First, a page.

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The Wheel!

October 17, 2013 by  


tufail - wheelA wheel is a circular component that is intended to rotate on an axial bearing. The wheel is one of the main components of the wheel and axle which is one of the six simple machines. Wheels, in conjunction with axles, allow heavy objects to be moved easily facilitating movement or transportation while supporting a load, or performing labor in machines. Wheels are also used for other purposes, such as a ship’s wheel, steering wheel, potter’s wheel and flywheel.

Common examples are found in transport applications. A wheel greatly reduces friction by facilitating motion by rolling together with the use of axles. In order for wheels to rotate, a moment needs to be applied to the wheel about its axis, either by way of gravity, or by the application of another external force or torque.

Evidence of wheeled vehicles appears from the mid-4th millennium BC, near-simultaneously in Mesopotamia(Sumerian civilization), Indus Valley (Mohenjodaro), the Northern Caucasus (Maykop culture) and Central Europe, so that the question of which culture originally invented the wheeled vehicle remains unresolved and under debate. The world’s oldest wooden wheel, dating from 5,250 ± 100 BP as part of Globular Amphora Culture, was discovered by Slovenian archeologists in 2002.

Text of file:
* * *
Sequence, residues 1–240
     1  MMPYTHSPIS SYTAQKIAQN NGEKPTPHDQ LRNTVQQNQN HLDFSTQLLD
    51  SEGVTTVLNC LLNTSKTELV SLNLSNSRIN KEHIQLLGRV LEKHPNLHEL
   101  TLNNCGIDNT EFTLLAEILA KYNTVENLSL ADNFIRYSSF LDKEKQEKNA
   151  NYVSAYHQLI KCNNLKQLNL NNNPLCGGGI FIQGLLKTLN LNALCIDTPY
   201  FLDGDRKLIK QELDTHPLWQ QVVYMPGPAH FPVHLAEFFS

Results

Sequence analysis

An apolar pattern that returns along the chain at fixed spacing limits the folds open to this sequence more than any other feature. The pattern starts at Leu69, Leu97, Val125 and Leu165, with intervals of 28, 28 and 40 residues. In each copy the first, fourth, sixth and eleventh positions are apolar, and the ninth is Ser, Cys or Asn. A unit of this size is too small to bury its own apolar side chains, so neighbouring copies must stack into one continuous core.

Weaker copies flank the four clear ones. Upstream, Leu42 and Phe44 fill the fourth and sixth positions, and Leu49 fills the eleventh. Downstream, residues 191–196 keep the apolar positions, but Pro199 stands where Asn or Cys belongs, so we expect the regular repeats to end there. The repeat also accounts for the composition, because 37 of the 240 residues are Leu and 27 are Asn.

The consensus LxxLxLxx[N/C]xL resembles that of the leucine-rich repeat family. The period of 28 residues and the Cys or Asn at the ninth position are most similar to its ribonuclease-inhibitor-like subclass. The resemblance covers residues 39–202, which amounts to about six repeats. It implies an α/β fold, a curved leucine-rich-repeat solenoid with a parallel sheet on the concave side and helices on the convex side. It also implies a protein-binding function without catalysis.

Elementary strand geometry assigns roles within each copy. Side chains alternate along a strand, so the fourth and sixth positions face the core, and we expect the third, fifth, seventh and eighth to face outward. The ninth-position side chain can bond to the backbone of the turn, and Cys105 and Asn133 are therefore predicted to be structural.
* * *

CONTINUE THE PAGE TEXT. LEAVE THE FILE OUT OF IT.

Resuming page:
The earliest well-dated depiction of a wheeled vehicle is on the Bronocice pot, a c. 3500 – 3350 BC clay pot excavated in a Funnelbeaker culture settlement in southern Poland.

The wheeled vehicle spread from the area of its first occurrence (Mesopotamia, Caucasus, Balkans, Central Europe) across Eurasia, reaching the Indus Valley by the 3rd millennium BC. During the 2nd millennium BC, the spoke-wheeled chariot spread at an increased pace, reaching both China and Scandinavia by 1200 BC.

In China, the wheel was certainly present with the adoption of the chariot in c. 1200 BC, although Barbieri-Low argues for earlier Chinese wheeled vehicles, c. 2000 BC.

Although they did not develop the wheel proper, the Olmec and certain other western hemisphere cultures seem to have approached it, as wheel-like worked stones have been found on objects identified as children’s toys dating to about 1500 BC. It is thought that the primary obstacle to large-scale development of the wheel in the Western hemisphere was the absence of domesticated large animals which could be used to pull wheeled carriages. Several horse species existed until about 12,000 years ago, but ultimately went extinct.

The wheel was barely used in Sub-Saharan Africa into the 19th century, only arriving with Europeans after they explored the region and then moved to exploit it.

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